Tag Archives: Indian Writer

Book Review of The Persecution of Madhav Tripathi by Aditya Sudarshan

The Persecution of Madhav Tripathi

by Aditya  Sudarshan

This fast paced, yet gentle read, treads carefully the life and prosecution of Madhav Tripathi – an officer in the ministry. And its not just him. Others around him too become a victim. Madhav is abducted, he manages to flee, and gets back to his girlfriend. There on anyone and everyone become their suspects.

The Persecution of Madhav Tripathi

With the turn of events, you see Madhav facing prosecution at all levels – physical, emotional and psychological. People, things and events from his past surface creating a matrix with his present only to ruin it for his future.  There’s an uprising, of feelings, emotions (guilt), and people. There’s democracy covered by the garb of hypocrisy. A latent desire to know more than one must. And an active roar to reach the top.

The perfect tiff between the past and the future.
The author takes you on an enthralling adventure unveiling the truth of our society.

I’d say treat it like a work of fiction which it is. But when you read it, it feels more real than truth itself. Aditya’s style of writing has evolved and he can sure keep his readers captive, slowly. There’s violence, humor, wit, and more importantly a mesmerizing mystery to solve.

It took me a while to pick up the book, but I’m glad I did. The thriller is quite a work of art. A good effort.

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Book Review of “And God Made A Mistake” By Mohit Gupta

And God Made A Mistake
By Mohit Gupta

Let me begin by apologizing for not posting reviews for so long. Globe-trotting doesn’t leave me with much time to write online.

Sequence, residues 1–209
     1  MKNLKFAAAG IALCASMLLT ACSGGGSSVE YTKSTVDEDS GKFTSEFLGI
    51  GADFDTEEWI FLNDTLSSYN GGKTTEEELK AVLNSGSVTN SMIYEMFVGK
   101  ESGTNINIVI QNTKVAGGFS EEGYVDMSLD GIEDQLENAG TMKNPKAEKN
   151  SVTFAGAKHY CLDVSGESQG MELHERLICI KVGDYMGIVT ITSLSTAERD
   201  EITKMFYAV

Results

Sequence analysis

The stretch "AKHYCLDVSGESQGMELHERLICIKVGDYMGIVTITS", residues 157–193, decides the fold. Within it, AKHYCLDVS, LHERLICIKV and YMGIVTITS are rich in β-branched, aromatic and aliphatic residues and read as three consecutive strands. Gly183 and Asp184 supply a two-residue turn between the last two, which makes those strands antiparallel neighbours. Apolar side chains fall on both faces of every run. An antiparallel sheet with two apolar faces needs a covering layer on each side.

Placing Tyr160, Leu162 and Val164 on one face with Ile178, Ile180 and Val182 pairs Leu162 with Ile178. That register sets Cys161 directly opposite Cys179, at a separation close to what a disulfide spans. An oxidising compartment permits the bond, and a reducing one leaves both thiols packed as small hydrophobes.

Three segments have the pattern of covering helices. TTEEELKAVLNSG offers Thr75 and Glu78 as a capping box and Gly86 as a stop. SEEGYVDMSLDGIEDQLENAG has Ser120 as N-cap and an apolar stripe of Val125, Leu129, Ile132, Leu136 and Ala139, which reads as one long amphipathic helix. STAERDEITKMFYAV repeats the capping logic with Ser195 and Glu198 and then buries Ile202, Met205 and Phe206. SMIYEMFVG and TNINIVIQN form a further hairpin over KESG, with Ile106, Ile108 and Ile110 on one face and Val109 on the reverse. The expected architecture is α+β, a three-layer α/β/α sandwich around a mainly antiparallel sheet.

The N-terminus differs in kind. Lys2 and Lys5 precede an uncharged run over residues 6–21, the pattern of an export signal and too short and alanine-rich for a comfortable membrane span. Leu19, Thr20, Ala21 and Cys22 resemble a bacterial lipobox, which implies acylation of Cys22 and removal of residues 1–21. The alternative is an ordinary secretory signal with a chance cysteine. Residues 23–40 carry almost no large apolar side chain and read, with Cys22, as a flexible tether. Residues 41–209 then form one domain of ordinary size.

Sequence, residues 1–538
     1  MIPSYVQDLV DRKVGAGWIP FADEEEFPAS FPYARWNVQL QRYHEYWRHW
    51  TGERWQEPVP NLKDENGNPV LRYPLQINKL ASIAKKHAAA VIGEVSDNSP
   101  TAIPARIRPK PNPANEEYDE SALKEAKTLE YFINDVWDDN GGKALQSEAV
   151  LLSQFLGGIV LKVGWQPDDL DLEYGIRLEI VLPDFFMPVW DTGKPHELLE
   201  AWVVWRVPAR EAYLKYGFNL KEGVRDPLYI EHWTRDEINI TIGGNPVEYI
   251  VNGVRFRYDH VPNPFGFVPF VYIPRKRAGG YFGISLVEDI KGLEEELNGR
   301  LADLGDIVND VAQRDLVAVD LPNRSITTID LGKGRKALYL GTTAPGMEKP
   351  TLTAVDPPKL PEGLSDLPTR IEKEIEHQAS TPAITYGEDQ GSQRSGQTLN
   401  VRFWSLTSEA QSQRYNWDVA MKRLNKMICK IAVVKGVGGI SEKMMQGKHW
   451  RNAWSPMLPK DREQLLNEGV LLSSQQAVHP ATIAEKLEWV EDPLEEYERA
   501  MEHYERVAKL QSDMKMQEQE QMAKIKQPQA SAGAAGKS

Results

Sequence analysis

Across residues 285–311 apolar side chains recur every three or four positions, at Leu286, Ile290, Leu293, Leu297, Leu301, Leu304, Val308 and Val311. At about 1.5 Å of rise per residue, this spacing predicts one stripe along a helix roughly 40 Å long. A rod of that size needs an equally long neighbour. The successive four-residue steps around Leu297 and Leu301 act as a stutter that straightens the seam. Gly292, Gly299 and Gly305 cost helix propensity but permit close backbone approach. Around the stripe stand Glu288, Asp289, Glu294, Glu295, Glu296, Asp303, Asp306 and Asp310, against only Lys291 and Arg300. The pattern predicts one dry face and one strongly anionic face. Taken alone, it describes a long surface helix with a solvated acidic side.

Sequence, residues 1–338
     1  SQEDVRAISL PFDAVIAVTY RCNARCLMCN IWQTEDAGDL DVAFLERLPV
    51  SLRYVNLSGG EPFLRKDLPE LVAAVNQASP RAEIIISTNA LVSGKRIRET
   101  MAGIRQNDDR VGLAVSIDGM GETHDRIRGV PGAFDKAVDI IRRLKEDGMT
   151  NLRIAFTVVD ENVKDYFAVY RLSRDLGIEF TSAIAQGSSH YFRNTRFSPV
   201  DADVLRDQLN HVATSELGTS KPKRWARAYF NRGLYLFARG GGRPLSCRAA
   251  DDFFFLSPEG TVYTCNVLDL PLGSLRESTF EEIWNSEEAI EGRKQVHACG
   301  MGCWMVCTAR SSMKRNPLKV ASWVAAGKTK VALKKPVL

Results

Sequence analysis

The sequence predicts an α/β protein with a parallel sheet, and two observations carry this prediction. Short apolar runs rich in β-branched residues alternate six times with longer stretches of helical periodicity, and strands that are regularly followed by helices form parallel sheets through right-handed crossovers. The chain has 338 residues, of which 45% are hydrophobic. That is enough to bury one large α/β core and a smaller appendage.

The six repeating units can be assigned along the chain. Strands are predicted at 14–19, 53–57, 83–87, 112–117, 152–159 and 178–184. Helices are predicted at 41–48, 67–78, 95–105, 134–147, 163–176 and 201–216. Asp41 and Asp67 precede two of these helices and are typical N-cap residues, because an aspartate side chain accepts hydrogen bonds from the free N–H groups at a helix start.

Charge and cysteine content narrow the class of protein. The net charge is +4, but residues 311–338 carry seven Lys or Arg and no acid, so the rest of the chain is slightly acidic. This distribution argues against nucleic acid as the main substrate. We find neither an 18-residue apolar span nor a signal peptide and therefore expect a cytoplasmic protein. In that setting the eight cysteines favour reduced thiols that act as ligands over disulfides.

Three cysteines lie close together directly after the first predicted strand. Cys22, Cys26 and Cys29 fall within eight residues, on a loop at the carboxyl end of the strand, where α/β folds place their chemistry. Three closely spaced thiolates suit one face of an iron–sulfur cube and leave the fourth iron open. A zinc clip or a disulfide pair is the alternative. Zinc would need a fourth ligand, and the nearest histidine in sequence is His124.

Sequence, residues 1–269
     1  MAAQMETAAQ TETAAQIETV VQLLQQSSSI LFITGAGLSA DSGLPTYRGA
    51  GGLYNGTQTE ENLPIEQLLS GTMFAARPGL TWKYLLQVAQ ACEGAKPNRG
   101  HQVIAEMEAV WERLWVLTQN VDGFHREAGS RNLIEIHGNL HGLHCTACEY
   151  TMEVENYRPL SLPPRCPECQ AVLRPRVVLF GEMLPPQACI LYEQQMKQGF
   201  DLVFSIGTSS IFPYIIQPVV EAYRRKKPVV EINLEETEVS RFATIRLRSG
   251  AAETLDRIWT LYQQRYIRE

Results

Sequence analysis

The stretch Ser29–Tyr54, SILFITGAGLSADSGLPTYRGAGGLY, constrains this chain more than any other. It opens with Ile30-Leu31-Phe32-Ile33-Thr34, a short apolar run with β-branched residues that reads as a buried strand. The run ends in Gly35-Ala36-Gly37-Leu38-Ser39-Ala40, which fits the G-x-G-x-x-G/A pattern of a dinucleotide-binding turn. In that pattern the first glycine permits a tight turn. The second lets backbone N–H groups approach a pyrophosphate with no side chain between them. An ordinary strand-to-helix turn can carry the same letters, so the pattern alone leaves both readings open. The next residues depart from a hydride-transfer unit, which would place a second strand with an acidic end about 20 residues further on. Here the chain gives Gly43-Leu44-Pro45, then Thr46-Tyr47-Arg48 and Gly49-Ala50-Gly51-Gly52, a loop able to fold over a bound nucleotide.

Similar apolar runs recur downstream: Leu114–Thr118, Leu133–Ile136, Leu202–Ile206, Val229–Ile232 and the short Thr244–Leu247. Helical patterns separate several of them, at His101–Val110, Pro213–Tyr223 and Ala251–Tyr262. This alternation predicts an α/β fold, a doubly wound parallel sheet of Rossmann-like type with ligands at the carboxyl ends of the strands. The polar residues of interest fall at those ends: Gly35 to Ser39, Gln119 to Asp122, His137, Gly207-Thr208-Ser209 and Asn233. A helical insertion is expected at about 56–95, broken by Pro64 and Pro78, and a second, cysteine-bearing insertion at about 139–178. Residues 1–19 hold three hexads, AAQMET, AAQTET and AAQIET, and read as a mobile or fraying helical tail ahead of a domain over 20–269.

But none the less, here are a quick few reviews that I was supposed to post long back.

Mohit Gupta’s debut sci-fi novella lives up to quite a bit of our expectations.
The story of a scientist trying to figure out a way to achieve immortality by transferring knowledge and feelings from one brain to another (scientifically) got me hooked a few pages down the first chapter. And then it built a retreat of sorts for me to escape in to each night as I dreaded the end of the book.

Quite a riveting concept and ideation, with sound research it seems. Engrossing points in the book saw me admire the writing skills of the author, wondering how such thoughts of unimaginable consequences brewed in his mind. After 12 years when Ayaan traces the steps to reveal the truth behind the mystery and certain inferences, the climax gets more intriguing and fascinating.

Overall, this one was a pleasure to read.
If there is another off-beat writing spree the author wishes to embark up on- count me in to read that too!

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Book Review of “The Ordeal” by Mangesh Jadhav

The Ordeal

 by Mangesh Jadhav

We know that USA is capable of quite a lot. Or so it projects in movies and books. But interfering with nature…who would’ve thought!

Mangesh Jadhav’s first offering, a sci-fi one at that, (The Ordeal) is quite entertaining and thrilling. I wasn’t sure how well my mind would receive it- but I was zapped at being hooked on to it from the very first page.

So what’s the story like- you ask? Well we have NASA and NOAA (National Oceanic and Atmospheric Administration) working on a satellite that can be used for military purposes. And then you have Russia with its undercover agents reporting the secret to its country, and them coming up with plans to counter it, and therein lies the fantastic plot. How it is brought forth and faced makes for a great read.

For a debut writer, Mangesh has used crisp, clean and very free flowing language that is not only easy but also grammatically fine. (Such relief there.)

The characters are very strong and impactful. Michael Jones, the lead protagonist is a CIA agent. His personality almost reflects through the pages. He is in charge of keeping the mission a secret, and what a fine job he does.
Then we have Suzanne Owen (Private Secretary of CIA’s Director) –a beautiful young lady and Michael’s love interest.
The other cast includes: Dr. Nina Portman, the greedy scientist who can’t but keep a secret for the country and sells her soul to the devil (read: Russians); Dr. Stephen Wilson of NOAA, the one to begin the experiment in the first place, and a bunch of Russians (Alexander Kofman, Andrei Yavlinsky, Vladimir Ivanov, Sergi Nemstor, etc.) who complete the picture in a splendid way.